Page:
We're excited to introduce you to our new reading challenge, the Stay Home Book Club.
Inspired by the Super Smash Reading Challenge we ran last summer, the Stay Home Book Club has been designed especially for the nationwide lockdown period. We want to help children find comfort, fun and delight in stories.
As our director Juliet says: Our children may be confined by the four walls of their homes at the moment but with reading there is no limit to where your imagination can take you.
We know that parents have more on their plate than ever. It is not our intention to create more work and anxiety for them but rather to provide a fun and simple place to find and record stories.
We hope that you and your child enjoy finding new or familiar stories to read and listen to.
The joy of re-reading
Re-reading can be wonderful for people of all ages. But for children, it provides important benefits:
- Reading a familiar book repeatedly can build fluency through practice. Newly independent readers need lots of practice to get past the word by word choppy reading into fluent reading.
- Sometimes children find it hard to find a new book they want to read. Re-reading a favourite is a great way to 'fill the gap'' until a new book comes along.
- Re-reading the same book (or books within the same series) can help build stronger bonds between the reader and the characters and setting - it's like reconnecting with a friend and brings comfort and happiness.
- Most importantly, re-reading a favourite book reminds children they enjoy reading, and they love the secure world created inside that book. This is a great article by Diary of a Wimpy Kid author Jeff Kinney on the subject.
Why is reading important for children?
Reading is an essential life skill. Books contain new words that will help build your child's language and understanding. When students read for pleasure they are likely to read more frequently and gain all the benefits of enhancing their literacy skills, learning outcomes, empathy, social skills and wellbeing.
Our friends at National Library's Services to Schools have a range of excellent blog posts about the importance of reading: click here to browse them.
Reading with children is fun. It's a time for closeness, laughing and talking. It can also give children a flying start in life and help them become lifelong readers.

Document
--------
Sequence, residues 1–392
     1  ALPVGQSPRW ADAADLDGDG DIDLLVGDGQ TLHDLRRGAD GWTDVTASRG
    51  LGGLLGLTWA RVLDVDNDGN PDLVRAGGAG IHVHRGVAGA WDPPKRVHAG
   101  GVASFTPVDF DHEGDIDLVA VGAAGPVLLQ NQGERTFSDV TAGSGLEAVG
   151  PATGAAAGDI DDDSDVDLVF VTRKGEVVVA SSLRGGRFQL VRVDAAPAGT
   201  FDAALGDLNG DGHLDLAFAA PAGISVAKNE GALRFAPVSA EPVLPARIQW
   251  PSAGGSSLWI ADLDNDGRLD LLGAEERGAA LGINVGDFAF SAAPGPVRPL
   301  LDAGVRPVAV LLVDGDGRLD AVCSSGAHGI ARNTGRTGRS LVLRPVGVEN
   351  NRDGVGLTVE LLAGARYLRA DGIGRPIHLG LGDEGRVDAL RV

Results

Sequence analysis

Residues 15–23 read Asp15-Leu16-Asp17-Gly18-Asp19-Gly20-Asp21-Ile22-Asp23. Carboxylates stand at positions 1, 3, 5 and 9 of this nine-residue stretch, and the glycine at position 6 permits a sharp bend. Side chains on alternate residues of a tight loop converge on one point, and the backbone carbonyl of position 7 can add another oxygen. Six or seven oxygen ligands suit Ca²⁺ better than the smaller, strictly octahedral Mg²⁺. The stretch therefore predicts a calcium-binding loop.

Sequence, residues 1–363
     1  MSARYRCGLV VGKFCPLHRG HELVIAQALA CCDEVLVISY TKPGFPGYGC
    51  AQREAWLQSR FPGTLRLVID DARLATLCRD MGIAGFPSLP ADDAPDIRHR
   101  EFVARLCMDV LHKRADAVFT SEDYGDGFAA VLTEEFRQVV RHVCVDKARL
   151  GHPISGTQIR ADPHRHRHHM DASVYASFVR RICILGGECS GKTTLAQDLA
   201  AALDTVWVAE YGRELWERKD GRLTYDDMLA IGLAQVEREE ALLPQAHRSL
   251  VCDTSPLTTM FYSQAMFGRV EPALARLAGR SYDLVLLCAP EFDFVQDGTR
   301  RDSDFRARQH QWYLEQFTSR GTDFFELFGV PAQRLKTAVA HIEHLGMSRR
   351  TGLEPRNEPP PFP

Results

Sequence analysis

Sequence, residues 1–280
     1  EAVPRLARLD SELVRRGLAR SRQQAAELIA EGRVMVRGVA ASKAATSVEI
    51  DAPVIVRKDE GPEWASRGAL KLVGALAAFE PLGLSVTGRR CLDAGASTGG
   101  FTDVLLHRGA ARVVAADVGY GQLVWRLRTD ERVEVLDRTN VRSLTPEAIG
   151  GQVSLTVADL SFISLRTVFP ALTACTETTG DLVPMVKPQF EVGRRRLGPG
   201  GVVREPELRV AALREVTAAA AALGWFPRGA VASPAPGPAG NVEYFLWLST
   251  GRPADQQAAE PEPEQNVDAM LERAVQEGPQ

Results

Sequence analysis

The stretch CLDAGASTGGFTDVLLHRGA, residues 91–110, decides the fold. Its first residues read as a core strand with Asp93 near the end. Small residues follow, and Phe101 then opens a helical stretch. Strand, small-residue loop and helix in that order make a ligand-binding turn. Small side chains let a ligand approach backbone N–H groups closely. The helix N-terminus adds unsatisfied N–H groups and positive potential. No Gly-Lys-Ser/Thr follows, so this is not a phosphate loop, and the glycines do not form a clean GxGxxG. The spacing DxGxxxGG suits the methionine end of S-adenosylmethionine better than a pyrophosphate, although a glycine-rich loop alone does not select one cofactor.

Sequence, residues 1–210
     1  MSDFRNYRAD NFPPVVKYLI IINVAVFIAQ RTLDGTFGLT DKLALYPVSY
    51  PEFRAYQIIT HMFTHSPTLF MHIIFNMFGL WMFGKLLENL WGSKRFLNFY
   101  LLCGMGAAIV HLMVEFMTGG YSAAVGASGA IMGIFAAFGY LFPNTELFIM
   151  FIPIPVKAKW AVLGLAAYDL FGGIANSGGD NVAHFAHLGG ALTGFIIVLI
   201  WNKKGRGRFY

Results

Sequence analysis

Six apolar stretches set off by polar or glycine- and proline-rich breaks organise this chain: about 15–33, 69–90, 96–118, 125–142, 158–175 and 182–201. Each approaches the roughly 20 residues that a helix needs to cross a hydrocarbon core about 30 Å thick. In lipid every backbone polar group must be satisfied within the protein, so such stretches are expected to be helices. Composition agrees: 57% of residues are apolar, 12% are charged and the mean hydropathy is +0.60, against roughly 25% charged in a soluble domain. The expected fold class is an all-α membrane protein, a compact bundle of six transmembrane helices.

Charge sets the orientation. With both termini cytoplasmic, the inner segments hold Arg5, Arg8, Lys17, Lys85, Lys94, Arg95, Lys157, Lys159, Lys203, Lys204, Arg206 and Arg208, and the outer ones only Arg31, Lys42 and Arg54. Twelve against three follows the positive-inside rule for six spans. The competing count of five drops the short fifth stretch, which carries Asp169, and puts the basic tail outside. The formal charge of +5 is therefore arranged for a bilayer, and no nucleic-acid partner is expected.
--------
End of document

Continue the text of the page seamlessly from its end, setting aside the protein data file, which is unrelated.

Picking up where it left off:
Joy Cowley’s 2018 lecture, The Power of Story is available here to listen to, or download for free as an e-book.
How can we support and encourage our children to read more?
One of the best things you can do to encourage your child to read more is to read more yourself. Let children see that reading is something you love to do. Talk to them about the books you like.
This page of tips and ideas, including some for reluctant readers, from the UK's Book Trust is an excellent place to start.
This page from NZ's Ministry of Education has a wealth of ideas and tips for supporting children of different ages.
Auckland librarian and children's book expert Crissi Blair shares her best advice about reading with children. We loved this gem from Crissi:
The best advice is to have lots of books in the home and read to your kids at every opportunity. You can read to the tiniest of babies and they will respond, and learn to love the experience of being close to you and enjoying books together. Owning books is terrific, and children will quickly express their love for particular books over others. But ownership isn’t everything; you can sign your child up for a library card as a baby and borrow a stack of books every week or two.
Click here for tips and advice from Australian children's book writer and literacy teacher Mem Fox.
The UK's National Literacy Trust has some great resources. Have a look at this page: Ways to keep your child's reading up while schools are closed.
Here are some more resources and links:
There is a treasure trove of information just waiting for you at The Sapling: Conversations about children's books, including this collection of book lists featuring everything from books about allergies to coding, bestsellers to grief, pacifism to family life.